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"True Money Supply" Growth Falls to Seven-Year Low in October

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11/13/2015

The "true money supply" measure is a measure of the money supply pioneered by Murray Rothbard and Joseph Salerno and is designed to provide a better measure than M2. The Mises Institute now offers monthly updates on the TMS metric and its growth. See here for August's update. (I somehow missed September's update.)

During October 2015 (the most recent data available), the TMS increased 6.9 percent over October 2014's TMS value. October's growth rate was the lowest rate of growth shown in 7 years (84 months) and follows several months of an upward trend in year-over-year growth. The last time the TMS growth rate was below6.9 percent was during October of 2008, when the growth rate was 6.1 percent.

If indicative of a new trend, October's growth rate would suggest the end of the money-supply stability exhibited since early 2014, and would signal a resumption of a weakening in TMS growth that had been apparent during much of 2012 and 2013.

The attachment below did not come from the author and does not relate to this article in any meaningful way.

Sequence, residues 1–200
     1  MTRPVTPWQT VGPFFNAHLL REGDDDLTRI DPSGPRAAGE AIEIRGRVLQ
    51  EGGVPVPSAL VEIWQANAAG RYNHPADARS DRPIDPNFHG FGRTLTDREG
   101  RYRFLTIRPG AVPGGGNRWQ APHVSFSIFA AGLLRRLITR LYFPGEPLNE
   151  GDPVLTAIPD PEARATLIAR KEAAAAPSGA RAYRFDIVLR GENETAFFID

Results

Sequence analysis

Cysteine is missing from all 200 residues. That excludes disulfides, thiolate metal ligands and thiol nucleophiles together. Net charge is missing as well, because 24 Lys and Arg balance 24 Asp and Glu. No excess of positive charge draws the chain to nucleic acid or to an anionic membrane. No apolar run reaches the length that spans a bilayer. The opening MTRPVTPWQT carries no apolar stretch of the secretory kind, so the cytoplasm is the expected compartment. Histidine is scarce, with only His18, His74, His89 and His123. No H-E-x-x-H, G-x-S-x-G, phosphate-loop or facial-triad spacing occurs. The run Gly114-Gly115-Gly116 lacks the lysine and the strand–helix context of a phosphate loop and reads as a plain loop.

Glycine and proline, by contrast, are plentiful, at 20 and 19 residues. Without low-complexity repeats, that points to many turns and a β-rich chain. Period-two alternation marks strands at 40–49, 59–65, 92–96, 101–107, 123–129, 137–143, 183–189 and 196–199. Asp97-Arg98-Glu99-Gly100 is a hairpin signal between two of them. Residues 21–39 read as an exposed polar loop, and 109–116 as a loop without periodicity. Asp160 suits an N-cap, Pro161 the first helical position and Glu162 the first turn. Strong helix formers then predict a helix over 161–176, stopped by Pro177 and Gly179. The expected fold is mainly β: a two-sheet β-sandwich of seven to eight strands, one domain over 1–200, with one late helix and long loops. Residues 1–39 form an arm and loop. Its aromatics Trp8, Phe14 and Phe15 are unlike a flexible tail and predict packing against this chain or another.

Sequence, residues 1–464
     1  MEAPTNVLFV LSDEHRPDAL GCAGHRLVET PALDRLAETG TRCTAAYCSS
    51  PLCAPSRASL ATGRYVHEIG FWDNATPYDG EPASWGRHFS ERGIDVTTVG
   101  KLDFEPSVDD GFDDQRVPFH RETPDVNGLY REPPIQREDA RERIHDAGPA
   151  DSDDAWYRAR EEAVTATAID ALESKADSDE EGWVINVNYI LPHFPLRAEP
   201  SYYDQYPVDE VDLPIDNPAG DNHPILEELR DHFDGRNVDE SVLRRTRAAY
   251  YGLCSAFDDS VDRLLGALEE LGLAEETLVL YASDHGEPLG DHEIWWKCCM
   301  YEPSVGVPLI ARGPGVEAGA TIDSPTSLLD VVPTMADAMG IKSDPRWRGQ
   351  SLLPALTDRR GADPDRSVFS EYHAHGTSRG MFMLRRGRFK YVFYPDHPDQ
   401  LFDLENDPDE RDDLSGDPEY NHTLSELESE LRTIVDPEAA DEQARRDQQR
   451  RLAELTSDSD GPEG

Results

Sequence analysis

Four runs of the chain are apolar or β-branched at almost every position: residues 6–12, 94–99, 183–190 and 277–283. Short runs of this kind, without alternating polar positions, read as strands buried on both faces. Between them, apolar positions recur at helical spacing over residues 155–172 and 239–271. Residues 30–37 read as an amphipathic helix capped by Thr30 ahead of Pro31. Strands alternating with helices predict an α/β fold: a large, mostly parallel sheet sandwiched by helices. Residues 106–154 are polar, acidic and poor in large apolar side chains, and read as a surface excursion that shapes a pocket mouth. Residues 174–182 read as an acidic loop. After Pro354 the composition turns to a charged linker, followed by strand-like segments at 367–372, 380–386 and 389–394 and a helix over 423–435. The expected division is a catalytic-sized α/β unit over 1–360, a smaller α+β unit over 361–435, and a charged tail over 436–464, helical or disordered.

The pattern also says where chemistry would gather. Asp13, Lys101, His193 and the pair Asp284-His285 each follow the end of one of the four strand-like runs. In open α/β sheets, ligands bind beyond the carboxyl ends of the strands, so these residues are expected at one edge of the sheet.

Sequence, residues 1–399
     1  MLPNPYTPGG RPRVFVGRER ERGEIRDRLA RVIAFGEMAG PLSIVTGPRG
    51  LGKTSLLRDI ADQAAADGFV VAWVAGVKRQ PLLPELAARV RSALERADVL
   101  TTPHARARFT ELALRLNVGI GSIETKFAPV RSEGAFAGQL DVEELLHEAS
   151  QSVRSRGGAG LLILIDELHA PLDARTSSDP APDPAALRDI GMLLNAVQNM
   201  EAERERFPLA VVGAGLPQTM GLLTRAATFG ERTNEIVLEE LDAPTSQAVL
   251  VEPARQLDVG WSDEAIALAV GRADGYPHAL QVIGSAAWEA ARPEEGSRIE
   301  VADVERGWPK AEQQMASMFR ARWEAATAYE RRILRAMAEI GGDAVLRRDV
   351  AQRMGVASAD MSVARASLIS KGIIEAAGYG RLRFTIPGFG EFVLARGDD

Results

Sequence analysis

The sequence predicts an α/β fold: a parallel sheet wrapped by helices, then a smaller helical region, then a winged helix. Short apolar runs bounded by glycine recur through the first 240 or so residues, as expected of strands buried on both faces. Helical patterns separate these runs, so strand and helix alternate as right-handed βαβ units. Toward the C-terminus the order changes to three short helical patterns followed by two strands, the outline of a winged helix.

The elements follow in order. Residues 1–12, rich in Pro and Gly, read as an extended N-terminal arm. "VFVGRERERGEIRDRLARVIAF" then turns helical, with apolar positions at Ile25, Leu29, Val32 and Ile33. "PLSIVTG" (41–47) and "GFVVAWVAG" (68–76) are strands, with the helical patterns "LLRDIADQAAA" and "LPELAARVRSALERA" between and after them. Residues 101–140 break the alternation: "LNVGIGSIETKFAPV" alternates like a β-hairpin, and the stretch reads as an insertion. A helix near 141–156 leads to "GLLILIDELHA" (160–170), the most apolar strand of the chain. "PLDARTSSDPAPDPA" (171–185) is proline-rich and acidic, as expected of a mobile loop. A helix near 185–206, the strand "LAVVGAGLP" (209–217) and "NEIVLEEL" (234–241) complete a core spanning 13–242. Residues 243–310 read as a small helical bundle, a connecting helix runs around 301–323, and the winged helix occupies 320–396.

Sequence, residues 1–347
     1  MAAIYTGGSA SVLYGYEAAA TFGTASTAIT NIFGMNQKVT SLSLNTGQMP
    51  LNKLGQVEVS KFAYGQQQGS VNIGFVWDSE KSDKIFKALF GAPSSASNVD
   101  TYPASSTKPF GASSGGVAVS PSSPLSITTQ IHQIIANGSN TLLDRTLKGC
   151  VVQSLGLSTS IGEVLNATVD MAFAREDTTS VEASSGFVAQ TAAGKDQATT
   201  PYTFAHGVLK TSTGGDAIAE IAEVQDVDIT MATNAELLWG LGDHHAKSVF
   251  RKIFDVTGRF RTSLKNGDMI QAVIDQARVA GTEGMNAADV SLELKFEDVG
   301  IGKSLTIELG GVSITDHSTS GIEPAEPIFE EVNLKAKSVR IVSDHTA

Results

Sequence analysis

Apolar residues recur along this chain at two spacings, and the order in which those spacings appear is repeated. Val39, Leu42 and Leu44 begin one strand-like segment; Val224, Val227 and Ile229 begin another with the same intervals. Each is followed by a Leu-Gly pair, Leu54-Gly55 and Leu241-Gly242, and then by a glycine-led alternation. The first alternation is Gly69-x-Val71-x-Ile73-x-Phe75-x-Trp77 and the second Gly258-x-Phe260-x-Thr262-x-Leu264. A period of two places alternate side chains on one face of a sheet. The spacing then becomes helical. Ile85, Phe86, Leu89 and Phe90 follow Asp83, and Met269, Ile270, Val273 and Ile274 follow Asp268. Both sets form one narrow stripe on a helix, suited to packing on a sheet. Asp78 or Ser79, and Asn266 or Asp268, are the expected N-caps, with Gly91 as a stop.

A weakening in TMS growth often signals a larger weakening in the economy, as was the case from 2005 to 2008. 

The first graph shows the growth rate for the TMS since 2001:


The True Money Supply is M2 with non-money components (small time deposits, retail money funds, and travelers checks) removed. Treasury deposits held at the Federal reserve are added.

In October, and for much of the past year, M2 growth was more stable, and continued with a trend of year-over-year increases near six percent. During October 2015, M2 was up 5.8 percent, year over year. During September 2015, the YOY change was 6.1 percent.

Notable Changes in Components of TMS

One significant change to the components of TMS was a sizable year-over-year fall in Treasury deposits at the Fed. Year over year, treasury deposits fell 43 percent, although treasury deposits overall continue, for now, in an upward trend:


TMS and M2 Values

Remember, we're looking at growth rates here, not at the actual sum total of TMS or M2. When I say "declines" or "weakening" I simply mean a drop in the rate of increase. If we look at the values of TMS and M2, we find continuous growth:

 

 

Ryan McMaken (@ryanmcmaken) is a senior editor at the Mises Institute. Send him your article submissions for Mises Wire and The Austrian, but read article guidelines first. Ryan has degrees in economics and political science from the University of Colorado, and was the economist for the Colorado Division of Housing from 2009 to 2014. He is the author of Commie Cowboys: The Bourgeoisie and the Nation-State in the Western Genre.

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